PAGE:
Singapore Drama Breakout

BreakoutBreakout is a 2010-2011 Singaporean drama. Now, this is my first drama really outside the major four, Taiwan, Japan, Korea, and China. I had watched the Malaysian drama Sky and enjoyed it even though it was a bit silly and childish and had an ending that was less than what I had hoped for. I have to say that with this drama, I was disappointed. There was such promise and the whole drama fell flat and the first words out of my mouth when the final credits rolled on the 25th episode was “Give me back the 25 hours I wasted watching this!”

Even if a drama’s ending dissatisfies me or I found some glaring schizophrenic plot annoying, I have never really felt that I had wasted my time in watching a drama to its end. With this drama, I can honestly say that I felt I had wasted the time by the ending.

The plot revolves around a very crazy revenge scheme. Yang Tian Wei set out to make his fortune in illegal gem mining. After he had risked death and many hardships, he went back to his home country to bring in his three childhood friends. When their relationship goes south and Tian Wei is left for dead, he vows revenge. The man is a sick psycho who not only goes after the three friends who he believed betrayed him, but he sets out to kill everyone in their families [wives and children, not necessarily the whole extended family].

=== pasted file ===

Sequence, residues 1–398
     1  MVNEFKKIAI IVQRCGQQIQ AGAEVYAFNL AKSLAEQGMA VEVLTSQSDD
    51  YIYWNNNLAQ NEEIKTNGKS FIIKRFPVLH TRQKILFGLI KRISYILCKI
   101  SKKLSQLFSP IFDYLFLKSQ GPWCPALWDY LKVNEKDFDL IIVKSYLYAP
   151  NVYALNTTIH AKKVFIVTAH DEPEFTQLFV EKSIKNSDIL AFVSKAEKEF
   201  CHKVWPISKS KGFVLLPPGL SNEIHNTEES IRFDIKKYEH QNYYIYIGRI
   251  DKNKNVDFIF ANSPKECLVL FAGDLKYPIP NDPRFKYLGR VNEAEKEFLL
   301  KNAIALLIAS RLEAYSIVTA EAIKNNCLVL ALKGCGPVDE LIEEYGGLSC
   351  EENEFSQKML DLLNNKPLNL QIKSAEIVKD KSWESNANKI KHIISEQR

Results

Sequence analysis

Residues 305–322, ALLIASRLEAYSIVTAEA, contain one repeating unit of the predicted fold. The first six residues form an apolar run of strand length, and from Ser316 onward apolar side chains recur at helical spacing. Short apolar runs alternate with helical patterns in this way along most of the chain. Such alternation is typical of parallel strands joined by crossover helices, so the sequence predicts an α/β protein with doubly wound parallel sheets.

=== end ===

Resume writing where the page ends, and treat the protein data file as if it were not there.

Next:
Thus, on the night of her 12th birthday, Tang Ying and her entire family are caught in a nasty car accident. Her older brother and mother are killed instantly leaving only herself and her father. When the truck that initially hit them comes back for a 2nd time, her father Tang Yao Zu barely manages to throw her out of the car before it is hit, catches on fire and explodes. From the next thirteen years she is in a deep coma, but still manages to age and grow as she should. Meanwhile, after finishing of the Tang family, Tian Wei picks up his own family. He kills his wife [who cheated on him with Tang] and takes his son and daughter into the wild jungles of no man’s land where he raises them to be more like ruthless animals than human beings.

In the present day when Tang Ying wakes up, she is horrified to learn that she is no longer 12, but 25. She runs away from her aunt and uncle who just want to steal her father’s inheritance from her and runs into  Zou Jie Ming, an autistic young man. The two eventually become friends and Jie Ming helps and protects the Ying who is still very much a little girl mentally. Ying is eventually taken in by the Zou household where they see her as their daughter-in-law and Ying helps out and tries to find out who killed her family and why.